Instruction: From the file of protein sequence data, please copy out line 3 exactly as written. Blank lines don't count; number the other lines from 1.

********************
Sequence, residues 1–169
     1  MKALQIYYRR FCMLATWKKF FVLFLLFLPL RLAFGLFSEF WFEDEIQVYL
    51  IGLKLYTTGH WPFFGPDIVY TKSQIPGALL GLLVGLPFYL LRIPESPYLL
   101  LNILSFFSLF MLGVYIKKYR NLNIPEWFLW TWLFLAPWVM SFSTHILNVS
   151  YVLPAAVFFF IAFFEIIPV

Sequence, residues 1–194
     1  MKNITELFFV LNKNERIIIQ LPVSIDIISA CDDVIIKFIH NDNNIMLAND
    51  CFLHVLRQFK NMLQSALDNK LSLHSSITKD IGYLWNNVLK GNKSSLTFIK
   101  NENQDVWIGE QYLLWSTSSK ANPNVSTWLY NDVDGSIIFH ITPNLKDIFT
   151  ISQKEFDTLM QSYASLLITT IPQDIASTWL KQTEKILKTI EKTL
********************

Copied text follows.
    51  IGLKLYTTGH WPFFGPDIVY TKSQIPGALL GLLVGLPFYL LRIPESPYLL